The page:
The financial contribution made by patients towards dispensed medicines prescribed by Australian dentists from 2006 to 2018: A cost-analysis study

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Abstract

Objective This cost-analysis study explored Pharmaceutical Benefits Scheme (PBS) data to determine the financial patient contribution (PC) towards dispensed medications prescribed by dentists and temporal trends in cost contributions. Methods For this study we used the PBS online dataset and only included concessional data in the analysis. Data on dental medications dispensed under the PBS from 2006 to 2018 were accessed. For all medicines aggregated to different pharmacological categories (antibiotics, analgesics and opiates, anti-inflammatories, antifungals, benzodiazepines, anticonvulsants and anti-emetics, and emergency medications), a temporal trend was generated using annual PC data. Cumulative patient and mean annual PC data were also generated in a similar manner. Results Cumulative PC over the study period for dental PBS prescriptions was A$28 783 361 (A$5.55 per dispensing). The mean annual PC for dental PBS was A$2 214 105 (for the entire concessional population from 2006 to 2018), with a statistically significant and strong correlation between year and PC (Dental PBS, A$59 756 per year; r = 0.98: P < 0.0001). Antibiotics represented the highest proportion of PC (87.8%), whereas the lowest proportion of PC was for emergency medications (e.g. adrenaline, atropine, glucagon, naloxone), which amounted to 0.003%. Conclusions This study highlights the increasing contributions made by patients towards antibiotic prescriptions. What is known about the topic? Australian dentists can independently prescribe subsidised medications as per a set scope for general and specialist dentists, regulated under the PBS with requisite adherence to specific legal requirements. What does this paper add? This is the first study highlighting the increased level of patient financial contributions towards dental medicines, according to different pharmacological categories, dispensed by pharmacists in Australia. What are the implications for practitioners? This study creates a base for future research assessing the appropriateness of the PBS subsidy and the PBS Safety Net threshold, possibly reassessing the out-of-pocket pricing on brand substitution and appropriately reassessing the current dental PBS schedule.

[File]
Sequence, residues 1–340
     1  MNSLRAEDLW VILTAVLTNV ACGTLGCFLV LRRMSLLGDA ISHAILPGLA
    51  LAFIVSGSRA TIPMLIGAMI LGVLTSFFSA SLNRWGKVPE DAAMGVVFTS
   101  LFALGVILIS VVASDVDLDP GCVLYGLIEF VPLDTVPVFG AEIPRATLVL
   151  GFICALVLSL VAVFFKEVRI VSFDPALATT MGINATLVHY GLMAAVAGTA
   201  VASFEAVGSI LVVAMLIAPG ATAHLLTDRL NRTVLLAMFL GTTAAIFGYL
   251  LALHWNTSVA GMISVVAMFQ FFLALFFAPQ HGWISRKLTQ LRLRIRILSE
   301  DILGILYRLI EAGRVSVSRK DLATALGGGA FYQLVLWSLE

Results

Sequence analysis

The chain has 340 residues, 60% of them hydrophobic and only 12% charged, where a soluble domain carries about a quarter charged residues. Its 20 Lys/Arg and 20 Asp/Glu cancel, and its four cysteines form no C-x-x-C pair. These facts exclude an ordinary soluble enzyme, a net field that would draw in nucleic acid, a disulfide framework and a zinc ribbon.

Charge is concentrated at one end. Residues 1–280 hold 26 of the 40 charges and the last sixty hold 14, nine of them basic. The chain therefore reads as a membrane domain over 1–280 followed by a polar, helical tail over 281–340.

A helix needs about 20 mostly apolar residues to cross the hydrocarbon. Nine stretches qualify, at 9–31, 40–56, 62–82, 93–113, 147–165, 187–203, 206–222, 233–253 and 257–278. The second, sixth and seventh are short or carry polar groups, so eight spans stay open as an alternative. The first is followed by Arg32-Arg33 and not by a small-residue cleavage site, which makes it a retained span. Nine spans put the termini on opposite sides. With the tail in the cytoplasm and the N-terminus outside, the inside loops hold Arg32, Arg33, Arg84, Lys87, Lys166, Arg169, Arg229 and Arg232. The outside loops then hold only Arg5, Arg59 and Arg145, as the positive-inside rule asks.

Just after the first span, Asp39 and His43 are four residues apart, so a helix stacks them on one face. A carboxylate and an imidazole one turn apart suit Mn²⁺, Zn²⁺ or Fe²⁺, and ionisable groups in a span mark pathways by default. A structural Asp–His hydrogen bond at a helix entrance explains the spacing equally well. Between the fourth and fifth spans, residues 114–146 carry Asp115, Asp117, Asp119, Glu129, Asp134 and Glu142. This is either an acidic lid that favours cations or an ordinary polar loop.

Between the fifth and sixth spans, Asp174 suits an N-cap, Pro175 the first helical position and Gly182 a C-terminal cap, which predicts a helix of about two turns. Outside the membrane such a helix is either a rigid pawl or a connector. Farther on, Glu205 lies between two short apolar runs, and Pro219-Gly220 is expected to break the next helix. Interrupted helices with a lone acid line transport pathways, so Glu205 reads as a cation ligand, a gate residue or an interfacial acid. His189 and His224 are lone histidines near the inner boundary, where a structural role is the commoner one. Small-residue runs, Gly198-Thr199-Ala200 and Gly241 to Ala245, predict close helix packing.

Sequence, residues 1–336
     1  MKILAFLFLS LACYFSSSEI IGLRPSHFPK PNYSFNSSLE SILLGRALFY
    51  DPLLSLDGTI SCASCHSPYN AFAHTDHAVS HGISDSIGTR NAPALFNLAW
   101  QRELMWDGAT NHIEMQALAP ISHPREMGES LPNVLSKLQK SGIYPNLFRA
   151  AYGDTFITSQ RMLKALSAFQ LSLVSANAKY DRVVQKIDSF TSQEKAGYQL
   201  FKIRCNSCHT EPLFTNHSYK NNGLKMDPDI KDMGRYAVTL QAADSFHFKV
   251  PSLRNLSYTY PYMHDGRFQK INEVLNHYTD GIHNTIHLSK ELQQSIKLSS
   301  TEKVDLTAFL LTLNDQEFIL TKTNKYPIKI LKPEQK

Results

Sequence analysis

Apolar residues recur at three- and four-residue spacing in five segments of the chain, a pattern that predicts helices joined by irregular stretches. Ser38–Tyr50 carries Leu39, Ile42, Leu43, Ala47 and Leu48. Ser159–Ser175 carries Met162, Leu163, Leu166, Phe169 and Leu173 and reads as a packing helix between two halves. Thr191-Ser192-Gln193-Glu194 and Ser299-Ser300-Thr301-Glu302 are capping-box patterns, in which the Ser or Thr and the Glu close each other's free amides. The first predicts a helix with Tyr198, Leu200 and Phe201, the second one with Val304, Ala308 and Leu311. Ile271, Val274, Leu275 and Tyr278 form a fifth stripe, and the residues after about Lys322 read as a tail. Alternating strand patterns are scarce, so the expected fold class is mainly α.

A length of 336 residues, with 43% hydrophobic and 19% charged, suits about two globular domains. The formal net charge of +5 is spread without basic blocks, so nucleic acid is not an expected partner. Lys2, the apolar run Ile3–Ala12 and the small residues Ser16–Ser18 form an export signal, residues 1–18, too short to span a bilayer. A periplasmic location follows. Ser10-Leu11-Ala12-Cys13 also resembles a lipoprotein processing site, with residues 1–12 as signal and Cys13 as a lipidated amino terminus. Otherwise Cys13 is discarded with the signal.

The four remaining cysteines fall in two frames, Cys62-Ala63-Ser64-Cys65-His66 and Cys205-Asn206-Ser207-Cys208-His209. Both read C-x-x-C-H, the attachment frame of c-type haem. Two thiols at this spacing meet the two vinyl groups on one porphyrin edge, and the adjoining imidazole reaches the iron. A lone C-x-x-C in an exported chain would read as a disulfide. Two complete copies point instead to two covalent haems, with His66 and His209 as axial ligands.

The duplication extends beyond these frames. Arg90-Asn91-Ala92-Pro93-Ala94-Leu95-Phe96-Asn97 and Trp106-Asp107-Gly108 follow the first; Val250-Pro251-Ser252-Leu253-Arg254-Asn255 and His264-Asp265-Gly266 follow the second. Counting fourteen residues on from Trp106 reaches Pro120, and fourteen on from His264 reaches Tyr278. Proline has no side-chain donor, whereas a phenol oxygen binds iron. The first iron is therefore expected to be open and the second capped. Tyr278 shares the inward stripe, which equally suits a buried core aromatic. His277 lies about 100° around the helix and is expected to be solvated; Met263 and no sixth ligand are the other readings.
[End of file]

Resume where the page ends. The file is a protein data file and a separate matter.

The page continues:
Original languageEnglish
JournalAustralian Health Review
DOIs
Publication statusE-pub ahead of print - 12 Nov 2020

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